Starlet of the moment caught red handed? Outrageous act of cruelty? Unbelievable natural phenomenon? Forget about the classics of scam baits. A new era begins: the message that appeals to your deepest positive values. You know… justice, freedom, bravery and the like. This time, it’s the “hero next to you” story:
There are several angles to any good story like this and the scammers seem to know it very well. Here come the scam bait variants, a stream of heart-rending headlines:
Guess the scammers are also careful about putting all their eggs in one basket so the good old “OMG!” trend survives this overflow of emotion:
As this variety of hook is bound to bring in a whole lot of fish, let’s see where this hero-loving crowd lands next. First stop, YouTube extension station.
The scam also has alternative routes in store so if you get to the YouTube Extension story, your friends might be targeted with a YouTube Player Update.
Don’t worry, you’ll all get THERE no matter which Install button you click. Your common destination is a quiz maze. No stories, no heroes, no purifying your soul while beholding the video proof of humanity’s ascent to the highest peaks of bravery.
“Is this all?”. Glad you asked, ‘cause that’s where the fireworks begin. Take a look at what happens in your account:
a. this angel winged and devil horned scam’s just spread the word about our hero of the day on all of the pages you’ve ever liked, working up its way to wider audiences.
b. the same double faced scam’s got a thing for the Check-in option of your status updates.
See the “with” mention in your post? You apparently say (in Facebook lingo, of course) that you’re accompanied by 35 friends and that you’ve all watched the video.
Interesting? Right you are. Apparently, this is the updated version of the tagjacking scheme. Instead of fraudulently tagging people in a photo/thumbnail of a video (a strategy rendered ineffective by the introduction of the Tag Review function), the scam simply checks all of your friends in.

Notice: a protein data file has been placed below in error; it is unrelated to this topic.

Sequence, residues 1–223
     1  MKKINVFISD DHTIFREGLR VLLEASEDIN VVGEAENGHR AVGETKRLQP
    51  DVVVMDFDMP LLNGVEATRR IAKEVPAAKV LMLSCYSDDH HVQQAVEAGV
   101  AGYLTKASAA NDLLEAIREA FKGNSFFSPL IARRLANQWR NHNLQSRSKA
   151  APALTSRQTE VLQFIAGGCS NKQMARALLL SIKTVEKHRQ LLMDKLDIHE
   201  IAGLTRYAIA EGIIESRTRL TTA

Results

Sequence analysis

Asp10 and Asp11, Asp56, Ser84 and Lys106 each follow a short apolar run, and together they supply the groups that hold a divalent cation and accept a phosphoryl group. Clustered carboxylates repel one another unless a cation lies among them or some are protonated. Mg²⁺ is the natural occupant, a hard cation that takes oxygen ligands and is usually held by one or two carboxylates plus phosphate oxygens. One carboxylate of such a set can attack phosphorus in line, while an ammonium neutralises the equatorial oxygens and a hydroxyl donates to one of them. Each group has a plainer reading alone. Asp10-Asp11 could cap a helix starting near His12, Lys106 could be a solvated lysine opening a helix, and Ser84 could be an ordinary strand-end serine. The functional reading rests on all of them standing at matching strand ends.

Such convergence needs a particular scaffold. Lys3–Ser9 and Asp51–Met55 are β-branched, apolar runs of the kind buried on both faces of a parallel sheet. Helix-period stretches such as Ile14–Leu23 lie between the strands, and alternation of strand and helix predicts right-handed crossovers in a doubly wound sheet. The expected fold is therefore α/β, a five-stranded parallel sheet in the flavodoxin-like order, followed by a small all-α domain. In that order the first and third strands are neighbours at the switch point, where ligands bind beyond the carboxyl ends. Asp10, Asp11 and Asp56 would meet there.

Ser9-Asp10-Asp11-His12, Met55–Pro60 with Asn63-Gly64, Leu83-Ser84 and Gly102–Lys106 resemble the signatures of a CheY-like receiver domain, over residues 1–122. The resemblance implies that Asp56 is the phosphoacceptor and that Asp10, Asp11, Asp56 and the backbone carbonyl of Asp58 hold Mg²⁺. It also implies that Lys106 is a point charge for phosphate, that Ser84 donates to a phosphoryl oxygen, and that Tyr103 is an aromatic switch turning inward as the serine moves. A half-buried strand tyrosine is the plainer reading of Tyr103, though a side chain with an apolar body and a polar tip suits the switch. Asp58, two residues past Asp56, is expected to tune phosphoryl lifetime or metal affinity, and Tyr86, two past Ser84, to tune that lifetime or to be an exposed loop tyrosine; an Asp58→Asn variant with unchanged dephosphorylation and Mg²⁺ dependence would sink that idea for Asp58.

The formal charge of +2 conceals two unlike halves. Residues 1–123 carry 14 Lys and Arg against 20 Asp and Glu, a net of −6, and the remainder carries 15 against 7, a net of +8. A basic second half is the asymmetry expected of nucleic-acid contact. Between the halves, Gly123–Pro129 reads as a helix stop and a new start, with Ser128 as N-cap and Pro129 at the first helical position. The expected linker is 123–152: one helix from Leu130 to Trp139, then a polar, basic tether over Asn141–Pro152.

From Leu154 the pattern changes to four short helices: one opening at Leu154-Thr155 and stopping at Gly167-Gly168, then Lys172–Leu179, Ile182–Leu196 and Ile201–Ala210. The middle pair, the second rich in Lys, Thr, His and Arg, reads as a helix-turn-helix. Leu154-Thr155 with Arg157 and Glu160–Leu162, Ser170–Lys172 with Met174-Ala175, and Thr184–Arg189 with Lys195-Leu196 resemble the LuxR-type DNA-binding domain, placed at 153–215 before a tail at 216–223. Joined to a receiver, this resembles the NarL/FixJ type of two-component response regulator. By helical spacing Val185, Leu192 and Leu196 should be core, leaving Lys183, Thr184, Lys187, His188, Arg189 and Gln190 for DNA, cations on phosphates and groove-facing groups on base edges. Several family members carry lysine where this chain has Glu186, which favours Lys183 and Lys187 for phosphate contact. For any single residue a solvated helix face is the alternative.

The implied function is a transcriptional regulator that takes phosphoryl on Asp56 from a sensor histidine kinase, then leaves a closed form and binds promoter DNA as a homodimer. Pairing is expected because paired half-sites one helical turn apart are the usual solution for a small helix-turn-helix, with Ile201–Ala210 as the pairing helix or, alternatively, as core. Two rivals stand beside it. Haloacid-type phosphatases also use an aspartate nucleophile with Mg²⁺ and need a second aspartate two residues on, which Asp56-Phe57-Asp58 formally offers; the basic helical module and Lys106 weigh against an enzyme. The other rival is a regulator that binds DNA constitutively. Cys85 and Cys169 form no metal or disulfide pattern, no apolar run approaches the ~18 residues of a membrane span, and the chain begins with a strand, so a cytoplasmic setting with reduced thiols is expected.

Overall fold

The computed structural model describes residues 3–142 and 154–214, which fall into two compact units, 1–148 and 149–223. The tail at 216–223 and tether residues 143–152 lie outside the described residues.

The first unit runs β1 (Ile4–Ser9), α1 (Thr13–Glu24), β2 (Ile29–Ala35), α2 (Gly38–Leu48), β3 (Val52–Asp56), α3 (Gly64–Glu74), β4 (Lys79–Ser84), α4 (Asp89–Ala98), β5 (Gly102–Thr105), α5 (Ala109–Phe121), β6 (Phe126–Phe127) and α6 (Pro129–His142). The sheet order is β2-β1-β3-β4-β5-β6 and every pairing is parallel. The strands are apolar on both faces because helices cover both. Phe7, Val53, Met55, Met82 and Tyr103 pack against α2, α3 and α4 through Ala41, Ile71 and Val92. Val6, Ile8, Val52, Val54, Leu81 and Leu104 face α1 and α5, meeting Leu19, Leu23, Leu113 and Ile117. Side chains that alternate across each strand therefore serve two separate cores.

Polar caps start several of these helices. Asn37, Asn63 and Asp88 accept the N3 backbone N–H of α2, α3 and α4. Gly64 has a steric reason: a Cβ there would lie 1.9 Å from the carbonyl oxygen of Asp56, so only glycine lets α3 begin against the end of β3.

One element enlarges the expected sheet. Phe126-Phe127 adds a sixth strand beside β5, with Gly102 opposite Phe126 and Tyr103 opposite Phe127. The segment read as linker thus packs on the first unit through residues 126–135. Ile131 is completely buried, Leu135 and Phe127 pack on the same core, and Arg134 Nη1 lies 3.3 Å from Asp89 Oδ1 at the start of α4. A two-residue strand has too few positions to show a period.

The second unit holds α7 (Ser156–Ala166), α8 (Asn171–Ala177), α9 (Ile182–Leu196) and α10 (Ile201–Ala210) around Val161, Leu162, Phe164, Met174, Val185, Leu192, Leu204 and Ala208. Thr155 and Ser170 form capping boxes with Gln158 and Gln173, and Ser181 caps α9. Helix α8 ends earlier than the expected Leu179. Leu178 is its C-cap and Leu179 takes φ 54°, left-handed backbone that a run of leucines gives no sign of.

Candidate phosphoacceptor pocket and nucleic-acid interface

Though this is quite an aggressive threat – 10 illicit posts per victim, on the average, plus countless other automatic posts on the pages the victims liked – you might solve at least part of the problem by adjusting the privacy settings of your account. Just go to Home-> Privacy Settings -> How tags work and click the Edit Settings button.
If you don’t want to disable the Friends can Check you into Places option altogether, just turn on the Tagline Review and you’ll be notified about and be able to review all of the post you’ve been tagged in. In other words, as the check-in option works like a tag, once your name appears as “with YOU” in a friend’s post you’ll know about it and be able to control it. Hence, if one of your friends falls for this scam, you’ll have your chance to stop it before it spreads from your account on as well.
Of course, a good Facebook account sanity strategy would rely first on your ability to spot baits, then on your refusing to install unauthorized add-ons/extensions or updates. The easier alternative would be to install Safego (so you’ll be reading social scam news just for fun :-)).
This article is based on the technical information provided courtesy of Tudor Florescu, BitDefender Online Threats Analyst.
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